Date of Award

Spring 2021

Project Type


Program or Major


Degree Name

Doctor of Philosophy

First Advisor

David Finkelhor

Second Advisor

Lawrence Hamilton

Third Advisor

Cesar Rebellon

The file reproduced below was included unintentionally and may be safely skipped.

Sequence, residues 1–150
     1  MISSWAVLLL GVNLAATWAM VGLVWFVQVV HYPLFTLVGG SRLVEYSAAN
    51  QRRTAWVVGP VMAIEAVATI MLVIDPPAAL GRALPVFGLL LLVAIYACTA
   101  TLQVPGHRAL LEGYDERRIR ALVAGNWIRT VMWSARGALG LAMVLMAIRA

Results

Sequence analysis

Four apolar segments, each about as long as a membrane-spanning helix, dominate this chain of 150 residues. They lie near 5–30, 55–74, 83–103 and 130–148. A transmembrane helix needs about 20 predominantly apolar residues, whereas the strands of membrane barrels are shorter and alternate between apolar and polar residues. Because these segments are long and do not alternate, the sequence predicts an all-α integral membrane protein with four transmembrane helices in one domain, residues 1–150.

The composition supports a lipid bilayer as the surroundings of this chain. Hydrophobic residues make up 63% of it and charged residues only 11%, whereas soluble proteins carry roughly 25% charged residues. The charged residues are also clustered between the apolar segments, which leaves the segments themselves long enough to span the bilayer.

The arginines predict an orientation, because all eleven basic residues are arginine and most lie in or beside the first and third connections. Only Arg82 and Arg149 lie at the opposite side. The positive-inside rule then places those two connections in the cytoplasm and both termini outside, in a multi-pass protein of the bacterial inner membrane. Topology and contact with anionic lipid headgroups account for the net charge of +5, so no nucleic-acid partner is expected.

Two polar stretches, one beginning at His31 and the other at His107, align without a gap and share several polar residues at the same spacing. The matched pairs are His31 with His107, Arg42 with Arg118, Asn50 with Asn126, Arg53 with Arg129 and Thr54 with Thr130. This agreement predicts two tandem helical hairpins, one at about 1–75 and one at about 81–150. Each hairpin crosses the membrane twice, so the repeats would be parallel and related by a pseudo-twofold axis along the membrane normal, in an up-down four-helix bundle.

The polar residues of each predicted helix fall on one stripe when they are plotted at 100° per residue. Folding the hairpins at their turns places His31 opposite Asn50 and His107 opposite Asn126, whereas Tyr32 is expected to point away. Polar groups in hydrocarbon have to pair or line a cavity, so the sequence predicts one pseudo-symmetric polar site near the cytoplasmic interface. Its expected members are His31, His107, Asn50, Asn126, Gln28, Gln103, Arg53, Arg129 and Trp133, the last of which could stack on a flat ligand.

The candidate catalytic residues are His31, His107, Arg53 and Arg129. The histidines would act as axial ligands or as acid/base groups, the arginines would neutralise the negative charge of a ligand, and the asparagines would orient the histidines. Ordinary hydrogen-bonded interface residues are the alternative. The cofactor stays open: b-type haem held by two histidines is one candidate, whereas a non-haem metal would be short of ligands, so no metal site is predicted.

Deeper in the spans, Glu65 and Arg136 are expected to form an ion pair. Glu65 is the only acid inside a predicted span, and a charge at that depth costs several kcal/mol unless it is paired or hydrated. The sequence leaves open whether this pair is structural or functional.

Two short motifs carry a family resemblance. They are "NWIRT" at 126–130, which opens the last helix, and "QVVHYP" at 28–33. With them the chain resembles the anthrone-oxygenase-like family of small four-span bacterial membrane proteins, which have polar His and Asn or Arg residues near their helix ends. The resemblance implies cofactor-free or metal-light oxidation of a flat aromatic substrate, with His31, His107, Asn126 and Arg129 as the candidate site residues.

The proliferation of increasingly punitive sex crime legislation in the United States have extended to include children adjudicated of sexual offenses. Using data from the Florida Department of Juvenile Justice, this dissertation examined the impact of three factors on sentencing outcomes for children referred for illegal sexual behaviors: race, same-sex victim, and county of referral. (1) Black children were disproportionately arrested for sexual offenses compared to any other racial/ethnic group. However, Black children in the sample were less likely to face harsher outcomes compared to Caucasian children, such as adjudication and ordered to register as a sex offender. (2) Children whose alleged sexual offenses involved a same-sex victim were significantly more likely to be committed and ordered to register as sex offenders. (3) Charges processed in counties that tended to lean Republican in presidential elections or had a higher concentration of Black residents were significantly more likely to face harsher consequences, such as commitment, adjudication, and sex offender registration. Moreover, accounting for across-county variations eliminated disparities in outcomes between Hispanic and Caucasian children. While offense characteristics had the largest effect sizes that predicted harsher sentencing outcomes, the present study adds to the existing body of scientific literature that raised concerns about subjecting children to the sex offender registry, when such orders appeared to be influenced by nonlegal factors.